But while well presented, the game has it's fair share of flaws. The camera can quite simply eat my shorts. While it can be manually adjusted at most points, there are times when you cannot move it at all, such as when you're in the Simpsons home, and this becomes awfully frustrating. There are also times when the camera can get stuck behind things, blocking your view. The controls can also be a problem; a few times during the game you'll need to execute some seemingly simple jumps, but with the fiddly controls these soon turn into a lesson in frustration. The combat gets repetitive as well, as kicking and punching five or so of the same looking security guards will have a few players raising their eyebrows.
The co-op multiplayer mode is a tacked on inclusion, and sounds a lot more appealing than it actually is. The levels are designed for specific characters, so if you take control of Homer you may have to wait around for your partner to pull off specific tasks to progress. The multiplayer is probably only really going to help those who play with younger children, as players can get quite bored waiting for the other player to activate a specific switch or pull off a character specific move.
Luckily, The Simpsons Game looks brilliant. The first time you turn on the game and see a cut scene you'll be ready to run out to the family room and show any Simpsons-loving family members just how beautiful the game looks. The cel-shaded style suits the game really well and the cut scenes look very impressive. It also helps that the level design is solid too, so when you step into chocolate land it looks very similar to the Homer's dreamy chocolate land from the television show. Springfield itself looks good, and plenty of detail has been put into the Simpson family and all of the other supplementary characters.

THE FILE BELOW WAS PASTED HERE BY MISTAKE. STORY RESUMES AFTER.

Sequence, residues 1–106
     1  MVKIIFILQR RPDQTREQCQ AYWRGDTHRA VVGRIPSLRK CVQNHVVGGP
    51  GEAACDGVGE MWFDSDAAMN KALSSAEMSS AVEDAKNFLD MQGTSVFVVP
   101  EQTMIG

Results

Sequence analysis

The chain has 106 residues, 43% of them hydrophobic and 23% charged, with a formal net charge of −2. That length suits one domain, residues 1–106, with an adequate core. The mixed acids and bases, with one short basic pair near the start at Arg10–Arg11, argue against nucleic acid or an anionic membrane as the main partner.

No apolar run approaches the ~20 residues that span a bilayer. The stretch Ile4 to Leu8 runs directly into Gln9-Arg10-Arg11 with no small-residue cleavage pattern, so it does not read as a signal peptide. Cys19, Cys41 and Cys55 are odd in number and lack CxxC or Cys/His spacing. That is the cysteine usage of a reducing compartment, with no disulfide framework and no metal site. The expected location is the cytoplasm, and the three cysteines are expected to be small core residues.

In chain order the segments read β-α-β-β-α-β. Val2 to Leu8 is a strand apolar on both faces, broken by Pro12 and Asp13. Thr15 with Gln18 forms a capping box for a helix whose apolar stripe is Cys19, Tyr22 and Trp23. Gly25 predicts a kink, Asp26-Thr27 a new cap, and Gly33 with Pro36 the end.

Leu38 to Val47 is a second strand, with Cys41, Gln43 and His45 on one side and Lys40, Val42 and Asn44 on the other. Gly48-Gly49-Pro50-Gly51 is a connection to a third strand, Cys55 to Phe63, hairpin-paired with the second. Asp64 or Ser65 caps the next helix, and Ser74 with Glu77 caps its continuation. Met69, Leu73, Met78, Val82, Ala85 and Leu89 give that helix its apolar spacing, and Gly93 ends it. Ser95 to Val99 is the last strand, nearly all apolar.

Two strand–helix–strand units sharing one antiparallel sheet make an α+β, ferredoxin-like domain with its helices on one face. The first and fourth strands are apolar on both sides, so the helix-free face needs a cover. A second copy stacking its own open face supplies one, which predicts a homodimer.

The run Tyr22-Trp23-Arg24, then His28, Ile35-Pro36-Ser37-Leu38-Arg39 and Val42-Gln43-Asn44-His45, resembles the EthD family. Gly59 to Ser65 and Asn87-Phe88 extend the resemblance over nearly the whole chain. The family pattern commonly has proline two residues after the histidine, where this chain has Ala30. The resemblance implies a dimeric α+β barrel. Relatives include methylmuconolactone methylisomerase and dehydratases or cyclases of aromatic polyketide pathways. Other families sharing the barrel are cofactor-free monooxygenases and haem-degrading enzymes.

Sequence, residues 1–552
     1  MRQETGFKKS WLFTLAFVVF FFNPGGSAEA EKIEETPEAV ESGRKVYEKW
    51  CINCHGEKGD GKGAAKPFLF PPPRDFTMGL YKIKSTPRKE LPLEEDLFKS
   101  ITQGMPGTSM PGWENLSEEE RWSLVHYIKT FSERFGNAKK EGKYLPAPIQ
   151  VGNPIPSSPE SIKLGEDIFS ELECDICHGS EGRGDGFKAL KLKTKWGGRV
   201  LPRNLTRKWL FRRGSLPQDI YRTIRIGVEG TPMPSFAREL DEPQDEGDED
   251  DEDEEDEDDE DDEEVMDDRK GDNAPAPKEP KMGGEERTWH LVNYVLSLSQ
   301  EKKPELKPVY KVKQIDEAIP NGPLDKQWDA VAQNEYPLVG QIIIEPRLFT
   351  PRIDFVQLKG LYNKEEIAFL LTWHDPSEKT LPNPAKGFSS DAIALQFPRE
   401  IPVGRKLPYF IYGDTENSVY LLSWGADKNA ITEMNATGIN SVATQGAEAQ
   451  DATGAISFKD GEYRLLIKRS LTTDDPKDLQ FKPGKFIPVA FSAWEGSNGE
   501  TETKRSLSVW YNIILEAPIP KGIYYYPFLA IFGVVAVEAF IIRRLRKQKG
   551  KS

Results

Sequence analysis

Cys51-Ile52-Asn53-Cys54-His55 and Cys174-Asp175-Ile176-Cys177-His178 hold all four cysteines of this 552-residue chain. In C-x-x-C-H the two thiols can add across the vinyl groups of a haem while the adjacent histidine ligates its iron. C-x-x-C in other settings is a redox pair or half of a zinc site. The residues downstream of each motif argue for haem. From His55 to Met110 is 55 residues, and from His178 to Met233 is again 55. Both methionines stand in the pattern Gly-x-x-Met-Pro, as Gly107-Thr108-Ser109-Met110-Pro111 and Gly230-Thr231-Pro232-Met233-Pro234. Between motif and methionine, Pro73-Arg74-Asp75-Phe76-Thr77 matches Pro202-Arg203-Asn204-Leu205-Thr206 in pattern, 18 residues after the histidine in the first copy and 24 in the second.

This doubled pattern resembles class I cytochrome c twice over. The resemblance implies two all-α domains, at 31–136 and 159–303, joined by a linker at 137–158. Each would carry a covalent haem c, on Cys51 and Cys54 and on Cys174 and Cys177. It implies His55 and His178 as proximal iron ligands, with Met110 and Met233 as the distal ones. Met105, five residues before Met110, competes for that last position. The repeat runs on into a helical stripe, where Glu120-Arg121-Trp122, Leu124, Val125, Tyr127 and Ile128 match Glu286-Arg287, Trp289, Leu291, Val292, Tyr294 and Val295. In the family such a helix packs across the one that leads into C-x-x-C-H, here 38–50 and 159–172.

EA has gone to the effort of securing the voice actors from the television show, which is much appreciated and adds authenticity to the proceedings. The dialogue lives up to the production, and is genuinely humorous, but while there are pleanty of lines it can still become repetitive.
The humour in The Simpsons Game has even carried over to the achievements, with 5 points awarded by simply pressing start at the main menu. The achievements are rewarded quite frequently, for usual things such as collecting a specific number of tokens or completing a level. The game itself can be completed in about six to eight hours, and unless you're a bit of an obsessive compulsive there is very little reason to come back to the game.
The Simpsons Game isn't without its flaws but most Simpsons fans will be very impressed by EA's latest effort. With appealing visuals, voice-work and overall slick presentation it's clear that this game wasn't a slapdash effort designed just to cash in on the license. The combat can be repetitive, the camera is a pain and the controls are a bit fiddly, but if you've got the patience then The Simpsons Game is a title that's worth checking out.